I Dont Have Enough Faith to be an Evolutionist - Skepticism of Evolution
(09-16-2019, 08:20 PM)Augustinian Wrote:
(09-15-2019, 11:45 PM)MagisterMusicae Wrote: [see above post]

This is why I like this forum, I make an erroneous claim and receive the proper correction. Thank you.
I still am going to continue exploring this perspective of creation, but I will also keep the information you provided in mind. I still have a suspicion that there's something to a more Patristic cosmology, mainly because I've become more wary to the naturalistic accommodations some theologians in the Church have allowed in recent times.

I know that I mentioned the Kolbe Center earlier, but I must say I by no means cite them as authoritative on anything. At most, I just take a particular interest in their Patristic leanings regarding Genesis as opposed to some more modern creationist concessions regarding naturalist conclusions.

I'm not at all shocked to see your perspective on Fr. Ripperger, and I only brought him up because he's among the few Catholic priest who have actually mentioned this "herbivorous" perspective outside of the Church Fathers themselves. I do agree that he tends to overreach a bit in the topics he addresses, I personally have my own issues with his hard-line legalism regarding morality but I know this tends to stem from a purely Thomistic perspective, of which I do not completely adhere to (I'm becoming more Franciscan the more I read St Bonaventure  :D)

I think it's always very good to challenge our ideas and look for defenses of positions like this. 

By no means would I suggest that even St Thomas is certainly correct here, but I think we do need to look at many sources if we're going to find the truth, and it's also good to know that even the Saints had different opinions on things which are not integral to the Catholic Faith.

A real resourcement in going back to the Father is very important and needed. One of the problems with the decadence in scholasticism came from losing focus on the sources and approach (which you find beautifully harmonized in St Thomas) and turning theology into the learning of maxims that could be distilled. That's fine and necessary for basic catechism, but one cannot be called a decent theologian without learning the sources, and continually challenging his own opinion.

The sad problem that I've seen with Owen and the Kolbe Center is something I think many of us fall into : Confirmation Bias. We convince ourselves of the truth of a proposition, then we look for the evidence of it, and we begin dismissing anything contradictory of it, even if only by failing to look for it. We all do it, and it's a problem, and that's why having critics who are willing to cite sources, deal with one issue at a time, etc. are very good for us.

Owen saw Communism and eugenics for its horrors, but then made the connection with their teaching evolution as an alternative to theism, and swung to fundamental Protestantism and Biblicism as a reaction. I was at a talk of his where he admitted, with frustration, that the Church allows people to hold an old earth, because she has not condemned it, but it is still an error, and one day he thinks she will define it as heresy. That's not a proper attitude, and comes from a certainty that one is right and reinterpreting anything else in this light.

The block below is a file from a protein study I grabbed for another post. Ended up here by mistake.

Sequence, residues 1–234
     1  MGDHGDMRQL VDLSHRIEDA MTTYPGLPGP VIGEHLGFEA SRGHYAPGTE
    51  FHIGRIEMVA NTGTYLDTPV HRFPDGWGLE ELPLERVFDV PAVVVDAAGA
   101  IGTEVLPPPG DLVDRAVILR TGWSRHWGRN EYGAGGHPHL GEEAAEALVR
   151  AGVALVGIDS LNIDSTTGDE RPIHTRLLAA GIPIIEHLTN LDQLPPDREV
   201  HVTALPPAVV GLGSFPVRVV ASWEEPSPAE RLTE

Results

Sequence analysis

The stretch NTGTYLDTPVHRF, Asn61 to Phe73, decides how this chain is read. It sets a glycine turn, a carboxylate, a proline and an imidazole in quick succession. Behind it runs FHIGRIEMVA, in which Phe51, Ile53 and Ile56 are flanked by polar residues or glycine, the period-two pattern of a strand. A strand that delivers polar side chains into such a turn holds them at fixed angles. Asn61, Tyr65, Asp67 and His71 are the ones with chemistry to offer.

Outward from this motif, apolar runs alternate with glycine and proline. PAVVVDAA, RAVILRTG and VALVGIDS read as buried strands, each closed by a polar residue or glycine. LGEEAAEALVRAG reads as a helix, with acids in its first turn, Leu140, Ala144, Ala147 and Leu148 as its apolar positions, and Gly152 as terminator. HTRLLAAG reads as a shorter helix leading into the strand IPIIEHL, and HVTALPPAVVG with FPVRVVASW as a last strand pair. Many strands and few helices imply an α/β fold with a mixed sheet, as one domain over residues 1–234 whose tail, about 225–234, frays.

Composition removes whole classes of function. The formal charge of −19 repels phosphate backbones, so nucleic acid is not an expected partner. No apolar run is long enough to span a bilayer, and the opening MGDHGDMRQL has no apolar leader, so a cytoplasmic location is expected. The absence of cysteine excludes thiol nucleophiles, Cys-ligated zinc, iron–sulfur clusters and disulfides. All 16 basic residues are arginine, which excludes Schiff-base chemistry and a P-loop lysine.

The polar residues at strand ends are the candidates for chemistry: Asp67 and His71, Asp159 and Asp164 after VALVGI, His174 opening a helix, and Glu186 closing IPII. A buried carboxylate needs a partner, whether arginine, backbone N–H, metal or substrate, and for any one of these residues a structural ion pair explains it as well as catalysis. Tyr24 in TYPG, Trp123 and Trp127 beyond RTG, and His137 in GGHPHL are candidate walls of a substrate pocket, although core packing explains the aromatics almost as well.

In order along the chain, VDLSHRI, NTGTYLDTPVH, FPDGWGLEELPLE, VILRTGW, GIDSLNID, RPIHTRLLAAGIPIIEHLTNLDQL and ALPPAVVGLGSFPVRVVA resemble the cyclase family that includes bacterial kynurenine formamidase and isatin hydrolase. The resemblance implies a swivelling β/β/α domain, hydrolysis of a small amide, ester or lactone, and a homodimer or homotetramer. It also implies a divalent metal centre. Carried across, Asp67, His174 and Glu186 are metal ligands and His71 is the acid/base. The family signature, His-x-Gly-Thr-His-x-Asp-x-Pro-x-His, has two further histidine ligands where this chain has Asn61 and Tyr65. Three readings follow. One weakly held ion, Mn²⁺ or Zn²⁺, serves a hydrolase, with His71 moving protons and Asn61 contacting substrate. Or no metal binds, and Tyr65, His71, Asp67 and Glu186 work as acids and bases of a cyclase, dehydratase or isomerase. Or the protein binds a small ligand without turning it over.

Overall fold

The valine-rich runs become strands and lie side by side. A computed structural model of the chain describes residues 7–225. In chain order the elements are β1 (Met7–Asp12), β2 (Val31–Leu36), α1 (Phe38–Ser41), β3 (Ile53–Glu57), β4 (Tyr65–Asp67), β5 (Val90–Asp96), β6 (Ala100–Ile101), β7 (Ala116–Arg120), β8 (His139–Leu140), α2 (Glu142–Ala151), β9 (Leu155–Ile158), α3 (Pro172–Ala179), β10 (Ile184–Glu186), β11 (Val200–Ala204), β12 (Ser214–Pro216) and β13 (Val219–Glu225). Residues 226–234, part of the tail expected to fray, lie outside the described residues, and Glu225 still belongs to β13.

I'd say the same with Fr Ripperger. I think he's tried to frame everything in terms of diabolical influence by his penchant for exorcisms. That's led him to publish and defend the publication of a book of prayers against the devils without imprimatur (which is required by law) and hold a very rigorist opinion on moral theology which causes some of the same scruples and troubles he suggests are demonic. Thus his idea of "generational spirits". If your father had a problem with purity, your problem with purity is not because of a lack of proper formation and will training, but because the devil of impurity is obsessed with your family. It is troubling because one of his seminary students once told me that he insisted on doing all of his course on the fallen angels in Latin and that what was discussed in class not be discussed outside of class because of the danger of diabolic influences, yet this is his career and he's doing exactly what he instructed his students in Nebraska never to do. 

But as critical as I may be of those above, I think we can also look ourselves in the mirror on this as well. I'm sure I'm guilty of these same basic things, and more than a few times even here : Having a pet idea and then becoming fixated on it, even when good evidence exists to suggest I'm not as correct as I thought. We traddies love to do this, especially when we get onto conspiracy theories, so we're not immune either.

That's why it's good to have people who can, in a charitable manner, challenge us, and I welcome that from others here toward myself as well.
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RE: I Dont Have Enough Faith to be an Evolutionist - Skepticism of Evolution - by MagisterMusicae - 09-16-2019, 09:21 PM

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